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Elaine Rush Guest Blog: Women’s Health

  • Posted on Jun 11, 2020

While our minds and lives are being shaped by COVID19 it’s easy to forget the other important aspects of our health. It goes without saying good health is one of the most important things in life and for those of us with a rare condition it’s even more important we know and listen to our bodies.

Nutrition

The one thing we all have control over (usually!) is food and I’ve always believed in the saying ‘you are what you eat’.  I don’t believe in faddy or restrictive diets because they are hard to maintain and nutritionally poor.  Food is one of life’s pleasures and the more variety you eat, the better it is.  There is no such thing as a ‘bad’ food because in moderation everything has a value.  Of course, if you have an allergy or intolerance you need to take special dietary advice.  As OI women we need to build our bodies and immune system up from an early age to keep as healthy as we can throughout the different stages of OI life.  Portion control can be difficult especially if you are small and not able to exercise.  Putting on weight can be problematic and not easy to lose.  On the reverse side, some may find it difficult to maintain a healthy weight either due to lack of appetite or the lack of stomach area.  I find it increasingly difficult to eat average portions as my severe kyphosis and scoliosis act as a natural ‘gastric band’.  I therefore try to eat little and often to avoid that bloated feeling.  It’s all about adjusting what is right for you without compromising your nutritional needs.  Maintaining a good weight is not only beneficial to your bones but health in general.


Exercise and wellbeing

Although exercise with OI can be difficult we can all exercise to a certain degree.  When I was laid in a hospital bed with two broken femurs I clearly remember the Nurses passing my bed saying, ‘Keep wiggling those toes!’  I guess any movement is better than none!

Exercise not only benefits our bodies but general wellbeing as well.  I recently ‘googled’ wheelchair exercises and it’s pleasing to see how many You tube videos there are.  I particularly liked one for Tetraplegics, where four people in wheelchairs exercise to music.  It’s not too strenuous and I find it a fun ten-minute workout.  It makes it even more enjoyable when you feel part of a team.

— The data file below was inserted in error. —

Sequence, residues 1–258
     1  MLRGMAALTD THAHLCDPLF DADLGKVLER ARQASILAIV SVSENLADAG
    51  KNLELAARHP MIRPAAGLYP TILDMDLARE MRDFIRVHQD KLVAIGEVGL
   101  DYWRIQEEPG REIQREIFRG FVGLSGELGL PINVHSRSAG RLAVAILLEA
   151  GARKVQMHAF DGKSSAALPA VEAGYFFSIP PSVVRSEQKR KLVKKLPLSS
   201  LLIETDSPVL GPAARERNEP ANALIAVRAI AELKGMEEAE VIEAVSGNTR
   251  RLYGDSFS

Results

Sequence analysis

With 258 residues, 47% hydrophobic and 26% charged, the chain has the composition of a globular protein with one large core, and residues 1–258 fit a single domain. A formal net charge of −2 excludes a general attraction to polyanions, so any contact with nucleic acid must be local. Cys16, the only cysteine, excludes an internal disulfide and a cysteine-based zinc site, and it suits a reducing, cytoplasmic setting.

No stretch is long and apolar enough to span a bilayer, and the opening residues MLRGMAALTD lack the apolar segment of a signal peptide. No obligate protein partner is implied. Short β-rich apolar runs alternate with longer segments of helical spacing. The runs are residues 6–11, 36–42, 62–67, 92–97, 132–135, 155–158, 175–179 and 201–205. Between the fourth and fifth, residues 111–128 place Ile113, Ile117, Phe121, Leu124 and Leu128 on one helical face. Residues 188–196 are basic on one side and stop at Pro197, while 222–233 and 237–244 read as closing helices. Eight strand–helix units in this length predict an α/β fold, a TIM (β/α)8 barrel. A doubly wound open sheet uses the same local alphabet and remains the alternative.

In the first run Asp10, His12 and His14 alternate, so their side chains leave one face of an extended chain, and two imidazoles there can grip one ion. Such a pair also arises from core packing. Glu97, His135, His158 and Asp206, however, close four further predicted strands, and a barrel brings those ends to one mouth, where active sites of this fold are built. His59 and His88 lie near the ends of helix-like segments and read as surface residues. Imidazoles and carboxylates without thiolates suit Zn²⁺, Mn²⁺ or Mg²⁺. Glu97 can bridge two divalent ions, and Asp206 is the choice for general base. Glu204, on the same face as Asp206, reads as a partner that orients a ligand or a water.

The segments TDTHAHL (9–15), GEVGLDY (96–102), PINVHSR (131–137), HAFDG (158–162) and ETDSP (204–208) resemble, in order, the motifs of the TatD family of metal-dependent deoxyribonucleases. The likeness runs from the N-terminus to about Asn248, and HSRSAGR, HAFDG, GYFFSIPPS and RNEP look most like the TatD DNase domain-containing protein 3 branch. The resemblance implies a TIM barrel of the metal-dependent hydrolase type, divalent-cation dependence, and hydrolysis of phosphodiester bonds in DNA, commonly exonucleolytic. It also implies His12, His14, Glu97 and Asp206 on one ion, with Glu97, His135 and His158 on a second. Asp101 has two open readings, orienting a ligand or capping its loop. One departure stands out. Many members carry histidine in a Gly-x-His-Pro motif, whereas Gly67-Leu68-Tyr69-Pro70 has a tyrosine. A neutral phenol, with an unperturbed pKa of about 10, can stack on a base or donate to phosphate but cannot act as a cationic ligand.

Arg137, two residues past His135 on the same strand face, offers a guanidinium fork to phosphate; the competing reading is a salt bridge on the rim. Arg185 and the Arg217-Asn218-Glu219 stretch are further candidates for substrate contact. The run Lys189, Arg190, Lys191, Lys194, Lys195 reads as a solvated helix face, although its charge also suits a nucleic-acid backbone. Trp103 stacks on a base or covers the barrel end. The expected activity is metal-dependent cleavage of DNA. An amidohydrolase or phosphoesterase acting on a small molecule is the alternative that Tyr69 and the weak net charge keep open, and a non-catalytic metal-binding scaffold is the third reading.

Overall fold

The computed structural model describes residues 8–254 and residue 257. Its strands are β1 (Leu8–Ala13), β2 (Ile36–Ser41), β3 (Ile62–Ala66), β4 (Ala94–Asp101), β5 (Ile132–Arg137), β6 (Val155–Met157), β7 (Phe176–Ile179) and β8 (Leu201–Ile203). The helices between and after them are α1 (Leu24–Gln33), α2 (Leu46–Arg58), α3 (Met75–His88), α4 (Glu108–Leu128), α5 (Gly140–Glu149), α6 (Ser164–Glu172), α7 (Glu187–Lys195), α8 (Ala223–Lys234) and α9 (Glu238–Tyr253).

However restricted your ability to move is, it’s very important to keep your lungs clear.  Again, there are good airway clearance programmes online, but one of the easiest ways to exercise your lungs is singing, humming or whistling.  Anything that gets the lungs working.  If you can’t join a choir or singing group, just sing along to the radio.  It’s very uplifting!

Smear Tests and Mammograms

There are a number of tests, as women, we will be called up for.  The first one being the Smear or Pap test.  This can be quite a worrying procedure when you have a disability. It is worth having a discussion with your Healthcare professional before the appointment so they be prepared to accommodate your particular needs.  Sometimes just getting on to the examination couch can be a struggle, so you need one that adjusts in height and assistance to get on and off if needed.  The usual positioning for the test may not be possible if you have pain, cannot lie down or bend your knees up.  You will have to work out the best position that allows for an accurate test but also done with your safety in mind.  I had one nurse who struggled with my smear and then angrily snapped, ‘in future get a Doctor to do it!’  I left feeling it was my fault I didn’t conform to the ‘normal’ body shape.  However, the next time I went I had a lovely Doctor that understood my need and we ended up with me on my side and her stretched across the bed.  Not conventional, but it got the test done!  It’s all about communication and being treated with respect.  Sometimes a test is not possible due to severe scoliosis or the cervix being tilted.  If this is the case an abdominal ultrasound or MRI can be considered.  Remember we may be challenging but there are options, so don’t be put off.

Other than self-checking, Mammograms are also really important, and the radiographer will be used to making adjustments for disabled people.  The equipment is quite versatile and can be lowered in height, but OI can post additional problems.  You have to be able to press your chest very close to the metal plate and if you are pigeon-chested, as I am, the risk of a rib fracture has to be considered.  In my case because I have quite fragile ribs it was considered too high a risk, so I am offered an ultrasound instead.  This easier procedure still allows the Specialist to check for abnormalities.

Both these tests are important, so if you get a letter of invitation it’s an opportunity to discuss with your health provider any concerns you may have prior to the appointment.

(Please note, this blog should not serve as medical advice. Any exercise or instruction you undertake is done so at your own risk and you should always speak to a medical professional in the first instance. )